Personally, I would not mourn the loss of NSS – whilst it may have had an initial impact there has to be a better way in persuading universities to focus more on getting student assessment and feedback right.
Moreover, the numbers have been a gift to the university league table compilers, all of whom should be made to work much harder for their money. But, I think the real issue here is that it is really only a modest gain in terms of reducing the burden – a welcome change, yes, but is not going to register that significantly in terms of the total regulatory package reduction.
Secondly, there is the potential change in Data Futures to get us to a more sensible position – having been chasing the fantasy of real time data updates as originally required by the regulator for far too long. Most student data changes infrequently if at all during a year, and therefore real time or very frequent reporting is just unnecessary.
We have moved more recently to something a bit more realistic for this project but it has all been far from straightforward and let’s hope that we can get a clear and rational direction now.
Thirdly, there is a review of TRAC for teaching. This has to be a welcome development and I suspect the removal of this really time-consuming and not terribly helpful process would be welcomed by just about everyone in the sector.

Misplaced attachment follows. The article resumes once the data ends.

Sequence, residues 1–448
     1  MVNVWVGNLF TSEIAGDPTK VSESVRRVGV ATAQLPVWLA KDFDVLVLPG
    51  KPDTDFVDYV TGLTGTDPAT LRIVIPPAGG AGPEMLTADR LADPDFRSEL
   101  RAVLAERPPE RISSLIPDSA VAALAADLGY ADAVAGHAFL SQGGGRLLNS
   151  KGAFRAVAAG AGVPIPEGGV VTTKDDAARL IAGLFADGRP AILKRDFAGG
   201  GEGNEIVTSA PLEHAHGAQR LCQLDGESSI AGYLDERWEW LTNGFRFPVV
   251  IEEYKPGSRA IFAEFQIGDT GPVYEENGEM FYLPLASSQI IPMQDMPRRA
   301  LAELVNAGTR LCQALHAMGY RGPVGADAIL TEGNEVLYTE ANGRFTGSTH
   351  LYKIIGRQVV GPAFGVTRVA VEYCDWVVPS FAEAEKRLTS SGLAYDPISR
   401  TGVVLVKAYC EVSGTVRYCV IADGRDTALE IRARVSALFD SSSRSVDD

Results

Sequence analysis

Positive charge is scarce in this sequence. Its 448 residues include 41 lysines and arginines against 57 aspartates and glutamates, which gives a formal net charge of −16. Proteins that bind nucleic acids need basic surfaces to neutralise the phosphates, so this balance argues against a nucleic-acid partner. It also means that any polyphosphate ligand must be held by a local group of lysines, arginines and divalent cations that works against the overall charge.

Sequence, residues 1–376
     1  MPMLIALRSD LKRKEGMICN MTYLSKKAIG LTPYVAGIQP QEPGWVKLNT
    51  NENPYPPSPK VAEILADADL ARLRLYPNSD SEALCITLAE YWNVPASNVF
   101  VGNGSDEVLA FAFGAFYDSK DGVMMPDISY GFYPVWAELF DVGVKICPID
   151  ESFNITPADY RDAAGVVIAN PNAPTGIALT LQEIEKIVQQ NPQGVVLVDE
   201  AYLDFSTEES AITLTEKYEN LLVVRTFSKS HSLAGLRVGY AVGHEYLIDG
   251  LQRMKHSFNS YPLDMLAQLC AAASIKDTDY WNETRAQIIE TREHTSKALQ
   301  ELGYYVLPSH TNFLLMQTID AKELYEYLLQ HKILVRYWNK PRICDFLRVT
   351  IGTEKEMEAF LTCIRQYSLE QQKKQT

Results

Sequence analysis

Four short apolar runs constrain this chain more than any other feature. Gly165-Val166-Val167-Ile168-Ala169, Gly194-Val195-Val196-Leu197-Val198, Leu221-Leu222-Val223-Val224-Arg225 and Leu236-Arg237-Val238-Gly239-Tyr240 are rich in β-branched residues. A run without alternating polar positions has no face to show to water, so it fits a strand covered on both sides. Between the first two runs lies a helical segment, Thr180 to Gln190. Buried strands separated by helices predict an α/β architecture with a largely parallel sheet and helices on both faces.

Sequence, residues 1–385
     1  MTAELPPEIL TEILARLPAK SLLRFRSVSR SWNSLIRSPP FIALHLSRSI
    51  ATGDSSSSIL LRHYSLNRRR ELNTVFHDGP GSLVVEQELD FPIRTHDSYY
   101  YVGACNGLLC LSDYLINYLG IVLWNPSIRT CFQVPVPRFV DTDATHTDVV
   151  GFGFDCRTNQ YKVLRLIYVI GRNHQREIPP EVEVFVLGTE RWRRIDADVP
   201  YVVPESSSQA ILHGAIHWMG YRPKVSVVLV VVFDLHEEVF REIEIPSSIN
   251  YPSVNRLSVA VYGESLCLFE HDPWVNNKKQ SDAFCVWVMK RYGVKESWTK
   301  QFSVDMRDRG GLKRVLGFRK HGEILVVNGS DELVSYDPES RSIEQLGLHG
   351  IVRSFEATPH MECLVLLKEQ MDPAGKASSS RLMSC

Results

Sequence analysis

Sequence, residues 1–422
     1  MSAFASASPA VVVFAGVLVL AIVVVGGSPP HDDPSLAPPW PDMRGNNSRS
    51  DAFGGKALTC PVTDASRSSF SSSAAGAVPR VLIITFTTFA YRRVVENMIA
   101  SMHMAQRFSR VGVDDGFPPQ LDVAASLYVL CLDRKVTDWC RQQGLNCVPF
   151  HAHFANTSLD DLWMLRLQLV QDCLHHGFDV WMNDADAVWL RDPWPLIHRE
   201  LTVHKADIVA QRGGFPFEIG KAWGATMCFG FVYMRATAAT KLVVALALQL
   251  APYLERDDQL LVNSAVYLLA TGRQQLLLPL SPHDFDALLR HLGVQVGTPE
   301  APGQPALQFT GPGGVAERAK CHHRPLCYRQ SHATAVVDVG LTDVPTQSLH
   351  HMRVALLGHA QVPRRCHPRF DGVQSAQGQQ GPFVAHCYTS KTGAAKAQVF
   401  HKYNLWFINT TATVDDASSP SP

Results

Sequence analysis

We also have a much-anticipated reduction in number of data returns. It is a reduction of two collections, albeit non-trivial, but this still feels like a modest gain given the many hundreds of data returns and other submissions made by universities, not just to HESA but many other agencies and bodies too.
Indeed, it is almost a decade ago now but the Higher Education Better Regulation Group identified 550 lines of reporting required of institutions by professional, statutory and regulatory bodies.
Data does matter though and it is worth noting the view expressed recently by Rachel Hewitt of HEPI on the need for an element of the right bureaucracy to ensure that policy is based on the right evidence – and that there is a need to be cautious about the ending of the NSS and other possible changes:
As I learnt during my years at HESA, good quality data is bureaucratic. There are whole teams of staff in universities across the country whose jobs are to ensure we have robust data about students, graduates, staff, university finances and others. It is entirely fair to critically assess the data Government are using to form judgments about higher education. However, if we want our policy making to be based on evidence, my takeaway from these changes is that we need to engage with what data we do want Government to be working on, rather than only criticising the existing metrics.